The Rainbow Comes and Goes is an email conversation between Gloria Vanderbilt, then age 91, and her son, Anderson Cooper, because he, “found there was still much I didn't know...that she hadn't passed on.” In these pages are two people who found each other and themselves, and, reading them, we find ourselves too.
Gloria Vanderbilt is the great granddaughter of Civil War General Judson Kilpatrick. Her Uncle Alfred went down with the Lusitania. Her Aunt Thelma was a mistress of Edward, Prince of Wales, before Wallis Simpson appeared. Her ancestral grandfather, Cornelius, when he died in 1877, was worth what today would be two billion dollars.
When her father died in 1927, Gloria inherited 50 percent of a 5 million dollar trust fund (upwards of 34 million dollars today). When she was ten, she was the center of The Trial of the Century – a fight between her mother (who really wanted that trust fund) and her aunt, Gertrude Vanderbilt Whitney who founded the Whitney museum. And that's just for starters. In her 92 years, she has seen and done more than most of us and everyone we know combined, and she's still going strong.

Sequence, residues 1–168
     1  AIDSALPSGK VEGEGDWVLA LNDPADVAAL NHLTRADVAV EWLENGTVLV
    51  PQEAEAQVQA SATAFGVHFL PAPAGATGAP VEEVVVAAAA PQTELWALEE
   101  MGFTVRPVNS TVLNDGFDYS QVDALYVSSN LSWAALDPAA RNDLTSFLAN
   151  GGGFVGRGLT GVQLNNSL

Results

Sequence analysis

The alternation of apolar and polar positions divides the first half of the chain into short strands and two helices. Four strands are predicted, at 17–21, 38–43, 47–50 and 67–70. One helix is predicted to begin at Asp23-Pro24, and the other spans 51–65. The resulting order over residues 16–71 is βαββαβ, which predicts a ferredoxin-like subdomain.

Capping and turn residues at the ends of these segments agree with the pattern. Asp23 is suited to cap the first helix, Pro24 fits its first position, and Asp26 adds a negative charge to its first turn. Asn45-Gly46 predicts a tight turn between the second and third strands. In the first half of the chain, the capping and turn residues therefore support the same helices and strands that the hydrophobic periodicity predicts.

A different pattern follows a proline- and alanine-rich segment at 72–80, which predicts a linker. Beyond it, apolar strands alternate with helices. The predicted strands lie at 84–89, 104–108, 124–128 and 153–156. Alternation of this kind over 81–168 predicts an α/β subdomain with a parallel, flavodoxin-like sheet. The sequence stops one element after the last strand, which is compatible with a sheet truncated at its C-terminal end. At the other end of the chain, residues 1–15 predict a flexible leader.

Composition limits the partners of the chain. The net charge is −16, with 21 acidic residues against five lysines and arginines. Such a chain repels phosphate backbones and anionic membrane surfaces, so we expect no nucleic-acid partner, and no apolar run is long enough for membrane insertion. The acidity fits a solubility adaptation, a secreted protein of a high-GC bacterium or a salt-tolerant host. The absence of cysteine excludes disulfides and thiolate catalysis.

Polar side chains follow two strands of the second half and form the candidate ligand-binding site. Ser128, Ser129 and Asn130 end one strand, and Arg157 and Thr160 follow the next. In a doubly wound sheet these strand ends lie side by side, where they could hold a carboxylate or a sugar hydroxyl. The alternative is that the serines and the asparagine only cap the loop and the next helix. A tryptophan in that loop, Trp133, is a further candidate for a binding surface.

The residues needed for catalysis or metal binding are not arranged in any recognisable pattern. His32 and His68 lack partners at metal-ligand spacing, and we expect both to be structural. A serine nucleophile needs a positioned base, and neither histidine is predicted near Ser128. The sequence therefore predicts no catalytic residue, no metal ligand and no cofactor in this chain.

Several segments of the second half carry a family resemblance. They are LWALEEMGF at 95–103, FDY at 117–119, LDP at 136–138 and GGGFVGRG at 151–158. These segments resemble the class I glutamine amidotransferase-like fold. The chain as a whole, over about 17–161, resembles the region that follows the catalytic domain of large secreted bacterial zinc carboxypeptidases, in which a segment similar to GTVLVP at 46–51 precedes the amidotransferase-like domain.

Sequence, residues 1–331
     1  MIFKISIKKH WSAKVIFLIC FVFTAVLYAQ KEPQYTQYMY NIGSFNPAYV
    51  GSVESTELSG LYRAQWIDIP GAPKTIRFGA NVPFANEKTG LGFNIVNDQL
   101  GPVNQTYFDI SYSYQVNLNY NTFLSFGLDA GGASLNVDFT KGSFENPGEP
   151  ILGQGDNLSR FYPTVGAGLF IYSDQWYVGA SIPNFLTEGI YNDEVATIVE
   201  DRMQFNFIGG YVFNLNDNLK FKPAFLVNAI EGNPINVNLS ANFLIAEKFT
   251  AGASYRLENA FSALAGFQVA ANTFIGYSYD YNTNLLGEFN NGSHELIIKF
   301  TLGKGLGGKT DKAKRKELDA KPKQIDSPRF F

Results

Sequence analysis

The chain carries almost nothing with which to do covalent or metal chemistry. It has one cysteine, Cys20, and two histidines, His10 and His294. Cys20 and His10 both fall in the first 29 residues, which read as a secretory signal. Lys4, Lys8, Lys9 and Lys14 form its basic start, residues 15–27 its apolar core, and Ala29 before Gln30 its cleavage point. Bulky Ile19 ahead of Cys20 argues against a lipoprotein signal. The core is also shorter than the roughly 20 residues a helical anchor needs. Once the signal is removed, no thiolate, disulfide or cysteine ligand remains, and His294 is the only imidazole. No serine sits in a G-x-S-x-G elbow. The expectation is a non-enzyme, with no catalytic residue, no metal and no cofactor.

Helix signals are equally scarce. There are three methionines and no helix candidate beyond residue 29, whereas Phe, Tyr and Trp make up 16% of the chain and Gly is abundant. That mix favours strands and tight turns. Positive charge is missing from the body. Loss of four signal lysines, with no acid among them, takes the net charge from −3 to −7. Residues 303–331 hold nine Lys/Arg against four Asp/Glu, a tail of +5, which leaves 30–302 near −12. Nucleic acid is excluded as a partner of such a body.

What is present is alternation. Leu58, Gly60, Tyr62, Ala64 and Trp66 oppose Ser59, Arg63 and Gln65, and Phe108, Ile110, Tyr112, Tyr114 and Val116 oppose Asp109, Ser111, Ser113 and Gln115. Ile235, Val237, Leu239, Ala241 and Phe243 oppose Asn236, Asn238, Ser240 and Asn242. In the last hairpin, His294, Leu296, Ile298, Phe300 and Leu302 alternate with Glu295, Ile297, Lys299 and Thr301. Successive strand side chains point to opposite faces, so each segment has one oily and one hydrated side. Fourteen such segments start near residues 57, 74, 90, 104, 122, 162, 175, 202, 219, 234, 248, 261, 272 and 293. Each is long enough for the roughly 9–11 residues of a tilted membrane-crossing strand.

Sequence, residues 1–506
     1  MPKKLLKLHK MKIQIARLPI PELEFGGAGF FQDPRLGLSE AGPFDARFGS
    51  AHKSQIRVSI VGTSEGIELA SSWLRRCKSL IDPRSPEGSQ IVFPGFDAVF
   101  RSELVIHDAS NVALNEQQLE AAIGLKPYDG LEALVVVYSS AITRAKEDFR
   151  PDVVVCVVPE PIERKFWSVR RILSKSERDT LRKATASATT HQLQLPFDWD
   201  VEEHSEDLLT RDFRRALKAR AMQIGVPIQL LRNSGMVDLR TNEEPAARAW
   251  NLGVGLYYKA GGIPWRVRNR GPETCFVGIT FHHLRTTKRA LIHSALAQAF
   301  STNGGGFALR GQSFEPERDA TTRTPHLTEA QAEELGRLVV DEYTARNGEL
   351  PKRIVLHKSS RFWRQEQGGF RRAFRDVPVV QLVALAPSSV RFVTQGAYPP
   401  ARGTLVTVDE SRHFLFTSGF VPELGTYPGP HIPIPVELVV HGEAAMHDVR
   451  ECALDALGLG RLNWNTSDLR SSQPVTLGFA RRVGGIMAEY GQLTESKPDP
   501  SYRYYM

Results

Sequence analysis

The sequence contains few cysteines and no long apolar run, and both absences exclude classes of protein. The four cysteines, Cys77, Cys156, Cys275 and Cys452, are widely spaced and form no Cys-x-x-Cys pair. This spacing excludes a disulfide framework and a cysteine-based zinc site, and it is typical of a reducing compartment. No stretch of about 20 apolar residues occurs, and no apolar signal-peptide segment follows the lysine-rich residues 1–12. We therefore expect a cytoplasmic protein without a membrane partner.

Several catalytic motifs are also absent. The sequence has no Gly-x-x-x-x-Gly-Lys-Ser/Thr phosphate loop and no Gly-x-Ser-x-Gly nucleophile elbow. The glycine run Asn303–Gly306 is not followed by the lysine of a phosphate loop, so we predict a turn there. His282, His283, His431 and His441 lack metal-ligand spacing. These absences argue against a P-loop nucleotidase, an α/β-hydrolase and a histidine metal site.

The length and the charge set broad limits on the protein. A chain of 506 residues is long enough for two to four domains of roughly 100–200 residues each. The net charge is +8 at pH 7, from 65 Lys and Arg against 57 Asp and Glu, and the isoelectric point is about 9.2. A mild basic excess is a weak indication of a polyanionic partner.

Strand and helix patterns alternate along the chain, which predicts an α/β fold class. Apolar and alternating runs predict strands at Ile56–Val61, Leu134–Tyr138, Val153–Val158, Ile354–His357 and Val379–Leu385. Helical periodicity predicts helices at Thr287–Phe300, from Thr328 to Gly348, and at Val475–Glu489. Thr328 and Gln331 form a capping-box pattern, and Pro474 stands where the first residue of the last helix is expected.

They seem so different. Anderson had two loving parents, but Gloria had neither. Anderson admits, “I am always planning, preparing myself for what comes next and what may come after that and after that.” Gloria was born into chaos, was raised in it and finds herself perfectly at home in it. Anderson reports the facts while Gloria paints and sculpts. Through their emails, however, they find how they are alike.
Gloria says it best: “We share sensitivity, tempered by poise and the reserve to reveal only what we wish to communicate.” Their reminiscences, their painful revelations make for fascinating reading, but perhaps the best takeaway is one of Gloria's favorite quotes: “Be kind, for everyone you meet is fighting a great battle.”
To learn more about this and other books, visit the Boulder City Library at 701 Adams Boulevard, 293-1281, www.bouldercitylibrary.org